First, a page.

Producer proclamations and consumer testimonials to the contrary, the new evidence is about the risk of raw milk with the latest discovery being Listeria infections — one of them fatal — now linked to raw milk from Miller’s Organic Farm in Pennsylvania.
Federal officials announced today that two people, one in California who recovered and one in Florida who died, were sickened in 2014 by Listeria bacteria “closely related genetically” to a strain isolated in samples of Miller’s Organic raw chocolate milk collected in November 2015 in California.
“Collaborative investigative efforts of state, local, and federal public health and regulatory officials indicate that raw milk produced by Miller’s Organic Farm in Bird-In-Hand, PA, is the likely source of this outbreak,” according to the Centers for Disease Control and Prevention.
The raw milk samples, collected at the annual International Raw Milk Symposium in Anaheim, CA, by the Food and Drug Administration in November 2015, were linked this January via DNA matching to the two people who were sickened in 2014, according to the CDC outbreak announcement.
“Because Listeria was recently found in raw milk produced by Miller’s Organic Farm, we are concerned that contaminated raw milk and other raw dairy products from this company could still be on the market and make people sick. This investigation is ongoing,” the CDC reported.
Organizers of the symposium did not immediately respond to requests for comment today.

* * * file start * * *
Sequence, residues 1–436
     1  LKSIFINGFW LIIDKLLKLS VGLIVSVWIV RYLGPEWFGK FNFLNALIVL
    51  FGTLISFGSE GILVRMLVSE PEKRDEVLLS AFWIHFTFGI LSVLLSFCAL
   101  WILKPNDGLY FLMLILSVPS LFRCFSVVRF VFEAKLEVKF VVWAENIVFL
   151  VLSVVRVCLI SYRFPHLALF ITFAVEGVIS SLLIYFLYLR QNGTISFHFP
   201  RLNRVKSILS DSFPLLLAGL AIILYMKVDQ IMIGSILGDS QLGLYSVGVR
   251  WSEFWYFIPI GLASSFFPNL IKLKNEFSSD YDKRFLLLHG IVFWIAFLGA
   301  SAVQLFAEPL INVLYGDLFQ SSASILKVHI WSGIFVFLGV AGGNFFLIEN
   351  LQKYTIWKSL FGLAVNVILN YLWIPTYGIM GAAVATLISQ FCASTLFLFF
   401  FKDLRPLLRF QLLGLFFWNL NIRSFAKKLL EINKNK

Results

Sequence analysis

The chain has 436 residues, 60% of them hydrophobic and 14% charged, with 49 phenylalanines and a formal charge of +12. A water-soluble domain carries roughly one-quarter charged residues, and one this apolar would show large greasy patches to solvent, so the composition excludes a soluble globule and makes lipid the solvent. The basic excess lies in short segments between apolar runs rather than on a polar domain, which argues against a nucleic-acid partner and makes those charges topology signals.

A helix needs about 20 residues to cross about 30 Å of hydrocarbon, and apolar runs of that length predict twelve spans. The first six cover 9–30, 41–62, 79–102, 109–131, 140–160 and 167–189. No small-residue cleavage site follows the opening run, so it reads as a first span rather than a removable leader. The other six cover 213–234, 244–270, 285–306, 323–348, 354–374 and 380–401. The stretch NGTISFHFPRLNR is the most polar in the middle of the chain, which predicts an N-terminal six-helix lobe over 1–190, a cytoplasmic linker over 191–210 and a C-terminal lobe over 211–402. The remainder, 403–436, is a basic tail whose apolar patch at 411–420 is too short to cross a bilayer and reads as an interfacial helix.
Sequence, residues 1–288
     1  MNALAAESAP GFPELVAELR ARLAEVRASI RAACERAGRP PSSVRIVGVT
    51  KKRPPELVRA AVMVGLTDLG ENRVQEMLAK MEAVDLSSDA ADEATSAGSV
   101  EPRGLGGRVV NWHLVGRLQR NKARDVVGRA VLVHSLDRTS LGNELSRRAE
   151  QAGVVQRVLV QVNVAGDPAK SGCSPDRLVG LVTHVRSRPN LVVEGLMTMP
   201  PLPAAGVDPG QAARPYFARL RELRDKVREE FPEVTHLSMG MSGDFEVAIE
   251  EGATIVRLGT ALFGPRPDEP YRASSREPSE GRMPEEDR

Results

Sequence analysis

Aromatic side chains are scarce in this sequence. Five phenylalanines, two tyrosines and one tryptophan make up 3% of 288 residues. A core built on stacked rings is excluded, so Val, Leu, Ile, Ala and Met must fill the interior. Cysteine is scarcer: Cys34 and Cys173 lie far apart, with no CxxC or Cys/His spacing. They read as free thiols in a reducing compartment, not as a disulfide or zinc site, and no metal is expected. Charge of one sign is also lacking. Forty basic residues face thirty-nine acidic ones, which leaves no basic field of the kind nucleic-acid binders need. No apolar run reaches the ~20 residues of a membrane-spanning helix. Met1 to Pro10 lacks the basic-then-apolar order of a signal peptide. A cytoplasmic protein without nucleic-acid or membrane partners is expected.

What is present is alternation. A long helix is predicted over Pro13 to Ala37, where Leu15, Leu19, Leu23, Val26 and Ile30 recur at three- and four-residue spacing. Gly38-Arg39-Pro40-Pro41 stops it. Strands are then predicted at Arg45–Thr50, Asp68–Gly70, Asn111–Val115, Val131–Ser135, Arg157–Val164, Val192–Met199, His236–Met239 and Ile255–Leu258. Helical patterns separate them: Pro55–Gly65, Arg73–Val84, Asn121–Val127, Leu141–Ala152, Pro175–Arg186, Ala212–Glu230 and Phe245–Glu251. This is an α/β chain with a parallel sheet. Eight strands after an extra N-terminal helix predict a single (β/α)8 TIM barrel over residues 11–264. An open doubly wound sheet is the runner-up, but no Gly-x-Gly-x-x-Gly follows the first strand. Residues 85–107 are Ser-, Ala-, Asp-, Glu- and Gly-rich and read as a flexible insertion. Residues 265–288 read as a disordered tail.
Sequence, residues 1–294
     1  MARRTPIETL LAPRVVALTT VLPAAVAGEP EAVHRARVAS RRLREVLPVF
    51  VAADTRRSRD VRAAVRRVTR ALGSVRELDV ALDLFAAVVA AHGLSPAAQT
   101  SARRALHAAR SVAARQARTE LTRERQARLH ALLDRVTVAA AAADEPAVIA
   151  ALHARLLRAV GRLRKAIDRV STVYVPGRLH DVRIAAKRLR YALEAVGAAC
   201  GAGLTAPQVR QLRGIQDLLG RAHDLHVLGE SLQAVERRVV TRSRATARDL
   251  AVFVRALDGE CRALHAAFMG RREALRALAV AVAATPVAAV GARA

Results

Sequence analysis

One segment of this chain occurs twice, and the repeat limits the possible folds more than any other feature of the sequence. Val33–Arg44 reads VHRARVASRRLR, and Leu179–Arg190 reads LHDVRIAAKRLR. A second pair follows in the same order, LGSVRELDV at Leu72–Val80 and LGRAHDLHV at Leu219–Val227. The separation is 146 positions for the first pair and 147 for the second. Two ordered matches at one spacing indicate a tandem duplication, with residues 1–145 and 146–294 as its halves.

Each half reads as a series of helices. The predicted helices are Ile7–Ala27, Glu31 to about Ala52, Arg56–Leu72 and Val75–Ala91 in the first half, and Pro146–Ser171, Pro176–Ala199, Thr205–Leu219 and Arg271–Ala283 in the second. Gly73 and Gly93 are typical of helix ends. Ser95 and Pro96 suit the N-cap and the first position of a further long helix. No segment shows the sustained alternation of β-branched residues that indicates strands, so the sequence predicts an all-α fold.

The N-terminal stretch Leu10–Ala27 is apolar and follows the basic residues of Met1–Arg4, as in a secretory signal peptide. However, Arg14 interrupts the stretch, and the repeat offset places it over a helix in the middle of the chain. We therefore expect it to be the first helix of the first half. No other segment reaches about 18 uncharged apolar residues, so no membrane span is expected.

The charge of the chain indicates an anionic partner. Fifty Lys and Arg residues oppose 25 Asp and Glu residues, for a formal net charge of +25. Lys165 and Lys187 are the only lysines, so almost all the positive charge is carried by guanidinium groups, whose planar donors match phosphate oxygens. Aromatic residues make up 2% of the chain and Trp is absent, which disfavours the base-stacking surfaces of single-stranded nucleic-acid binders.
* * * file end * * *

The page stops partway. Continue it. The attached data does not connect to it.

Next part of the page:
Miller’s Organic Farm is an Amish operation in Bird-in-Hand, PA, and is identified on its website as “a private membership organization.” It’s March price list shows its organic raw chocolate milk at $12 per gallon. No one from Miller’s Organic Farm responded to telephone calls this afternoon requesting comment.
Forensic lab work pays off
The link between the raw milk and the illnesses was discovered when the Listeria from samples collected by FDA at the symposium matched up with the DNA fingerprint of the Listeria bacteria isolated from the California and Florida patients. The match is an illustration of the ability of the CDC’s PulseNet database to identify far-flung outbreak victims and potential outbreak causes from distant sources.
“Once the two illnesses were identified in late January, public health officials worked over several weeks to interview them or their family members about the foods they may have eaten and other exposures in the month before their illness started,” the CDC reported.
“Interviews were conducted with the ill person from California and family members for both ill people. It was reported that both ill people drank raw milk before they got sick. The family of the deceased person in Florida reported purchasing raw milk from Miller’s Organic Farm.”
Local and state public health officials across the country are working with the CDC and PulseNet to identify any additional people who have been infected with the same Listeria isolates.
The sale of raw milk is prohibited across state lines. Some states allow in-state sales through herd-share programs where only people who buy a stake in a dairy herd or cow are allowed to buy the raw milk, which is not allowed to be sold at retail. A few states allow retail sales, despite warnings from health officials and scientists.
“Raw milk is milk from cows or other animals that has not been pasteurized to kill harmful bacteria. This raw, unpasteurized milk can carry dangerous bacteria such as Listeria, Salmonella, E. coli, and Campylobacter, which are responsible for causing numerous foodborne illnesses and outbreaks,” according to the CDC.
“We recommend that people drink and eat only pasteurized dairy products. Learn more about the dangers of drinking raw milk at the CDC Food Safety and Raw Milk website.”
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